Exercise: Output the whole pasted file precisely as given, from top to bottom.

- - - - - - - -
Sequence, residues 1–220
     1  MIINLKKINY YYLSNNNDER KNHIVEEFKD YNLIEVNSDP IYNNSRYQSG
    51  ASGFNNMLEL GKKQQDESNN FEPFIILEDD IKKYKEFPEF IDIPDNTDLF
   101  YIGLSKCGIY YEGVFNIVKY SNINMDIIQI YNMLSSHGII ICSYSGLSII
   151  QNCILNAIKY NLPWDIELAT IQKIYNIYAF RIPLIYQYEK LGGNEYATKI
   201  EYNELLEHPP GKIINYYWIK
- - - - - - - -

Sequence, residues 1–220
     1  MIINLKKINY YYLSNNNDER KNHIVEEFKD YNLIEVNSDP IYNNSRYQSG
    51  ASGFNNMLEL GKKQQDESNN FEPFIILEDD IKKYKEFPEF IDIPDNTDLF
   101  YIGLSKCGIY YEGVFNIVKY SNINMDIIQI YNMLSSHGII ICSYSGLSII
   151  QNCILNAIKY NLPWDIELAT IQKIYNIYAF RIPLIYQYEK LGGNEYATKI
   201  EYNELLEHPP GKIINYYWIK